Some of these D&D4e changes are small enough that I'd write them in if I owned the books. Some I'd probably include as index cards or post-its wedged into the appropriate page.

KingMob wrote:

Ghost encounter recap.

Yeah, I appreciate you letting me go outside any kind of resolution path you may have had for the ghost encounter. I felt like I may have gone around your original intention for how we would solve the encounter.

Benticore wrote:

When Dirge said "Wait a second. Lodin, you're a Kalton family member. Get over here and enter the dang Kalton Code" and we were all like, "Yeah! Dont you remember your own family's crest/code thing?" <--Best Non-combat campaign moment yet!

Yeah, that was great. I couldn't stop laughing to think of something witty to deflect that kind of question in character. Touche' Dirge, touche'.

Where is 4dSwissCheese and his gullible mage.

I could've sworn you'd said, in character, that you were a Kalton descendant.

However, it was very much Dirge going "Oh, stop screwing around and fix things, human."

Argh, they nerfed the skill checks.

You're right, they've made extensive changes to the DMG stuff about skill checks, looks like they'll be a bit easier now for players to pass. Guess I'll withhold judgement until I've run some games under these rules.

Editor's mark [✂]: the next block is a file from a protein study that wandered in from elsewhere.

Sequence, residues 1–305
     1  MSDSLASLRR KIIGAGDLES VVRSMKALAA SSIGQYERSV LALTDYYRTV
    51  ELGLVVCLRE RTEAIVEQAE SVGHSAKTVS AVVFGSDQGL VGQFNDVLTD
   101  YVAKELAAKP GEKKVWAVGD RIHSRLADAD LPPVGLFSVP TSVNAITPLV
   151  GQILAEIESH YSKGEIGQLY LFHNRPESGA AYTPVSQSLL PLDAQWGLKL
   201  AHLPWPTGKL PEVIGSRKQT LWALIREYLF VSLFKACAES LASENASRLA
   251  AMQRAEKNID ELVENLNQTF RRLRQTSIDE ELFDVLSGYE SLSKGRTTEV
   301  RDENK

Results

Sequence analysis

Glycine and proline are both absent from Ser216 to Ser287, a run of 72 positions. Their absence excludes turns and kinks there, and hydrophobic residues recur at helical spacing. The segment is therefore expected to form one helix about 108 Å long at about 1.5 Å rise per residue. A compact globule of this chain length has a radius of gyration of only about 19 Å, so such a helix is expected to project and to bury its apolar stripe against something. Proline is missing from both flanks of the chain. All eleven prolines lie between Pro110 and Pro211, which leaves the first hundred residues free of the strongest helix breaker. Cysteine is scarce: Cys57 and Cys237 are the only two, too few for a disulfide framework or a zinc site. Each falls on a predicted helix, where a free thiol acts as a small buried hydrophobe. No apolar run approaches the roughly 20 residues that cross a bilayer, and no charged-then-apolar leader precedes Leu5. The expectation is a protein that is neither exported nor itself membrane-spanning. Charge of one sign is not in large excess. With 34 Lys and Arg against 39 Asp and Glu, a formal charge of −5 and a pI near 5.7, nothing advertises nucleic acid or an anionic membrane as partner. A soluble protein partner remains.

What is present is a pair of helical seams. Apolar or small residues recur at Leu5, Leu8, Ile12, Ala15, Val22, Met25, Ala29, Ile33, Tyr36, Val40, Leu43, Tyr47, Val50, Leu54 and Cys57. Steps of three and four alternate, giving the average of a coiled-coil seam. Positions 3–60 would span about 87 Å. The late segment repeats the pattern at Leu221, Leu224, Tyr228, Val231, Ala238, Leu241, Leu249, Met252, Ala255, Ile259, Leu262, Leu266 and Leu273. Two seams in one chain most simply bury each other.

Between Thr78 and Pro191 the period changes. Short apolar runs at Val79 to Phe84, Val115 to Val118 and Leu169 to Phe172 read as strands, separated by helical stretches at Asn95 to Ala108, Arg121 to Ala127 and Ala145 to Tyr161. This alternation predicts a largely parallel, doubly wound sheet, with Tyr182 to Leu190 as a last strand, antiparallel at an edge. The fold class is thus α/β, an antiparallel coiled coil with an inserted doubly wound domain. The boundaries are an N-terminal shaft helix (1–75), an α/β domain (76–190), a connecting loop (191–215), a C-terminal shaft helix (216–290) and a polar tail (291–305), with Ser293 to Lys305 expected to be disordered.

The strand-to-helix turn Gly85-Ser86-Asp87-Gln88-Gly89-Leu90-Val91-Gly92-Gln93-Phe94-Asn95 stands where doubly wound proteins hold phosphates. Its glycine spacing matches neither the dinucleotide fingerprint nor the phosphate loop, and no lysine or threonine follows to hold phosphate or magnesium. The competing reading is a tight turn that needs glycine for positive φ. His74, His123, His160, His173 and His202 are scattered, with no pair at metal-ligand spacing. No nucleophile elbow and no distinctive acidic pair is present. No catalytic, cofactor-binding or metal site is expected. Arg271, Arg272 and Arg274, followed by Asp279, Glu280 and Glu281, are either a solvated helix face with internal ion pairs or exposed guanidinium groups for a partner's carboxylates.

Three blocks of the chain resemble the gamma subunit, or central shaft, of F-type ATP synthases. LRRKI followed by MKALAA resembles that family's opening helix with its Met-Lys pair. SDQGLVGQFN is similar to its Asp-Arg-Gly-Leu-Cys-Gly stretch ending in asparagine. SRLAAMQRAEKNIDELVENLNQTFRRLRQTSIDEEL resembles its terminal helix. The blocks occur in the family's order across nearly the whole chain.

Rubb Ed wrote:

I could've sworn you'd said, in character, that you were a Kalton descendant.

However, it was very much Dirge going "Oh, stop screwing around and fix things, human." :D

I'm sure I did. Lodin decides to throw things like that in when it useful to him. This time of course he was caught off guard.

Again, perfect timing.

They've also nerfed the players though...

“On checks that aren’t described as group checks, consider limiting the number
of characters who can assist another character’s skill check to one or two. The
goal of a skill challenge isn’t for the entire party to line up behind one expert but
for the entire group to contribute in different and meaningful ways.”

That makes more sense to me. It seemed odd the other night with 5 people helping out with the history checks, but much more right when only Dirren tried to help with the stealth check for opening that big warehouse door.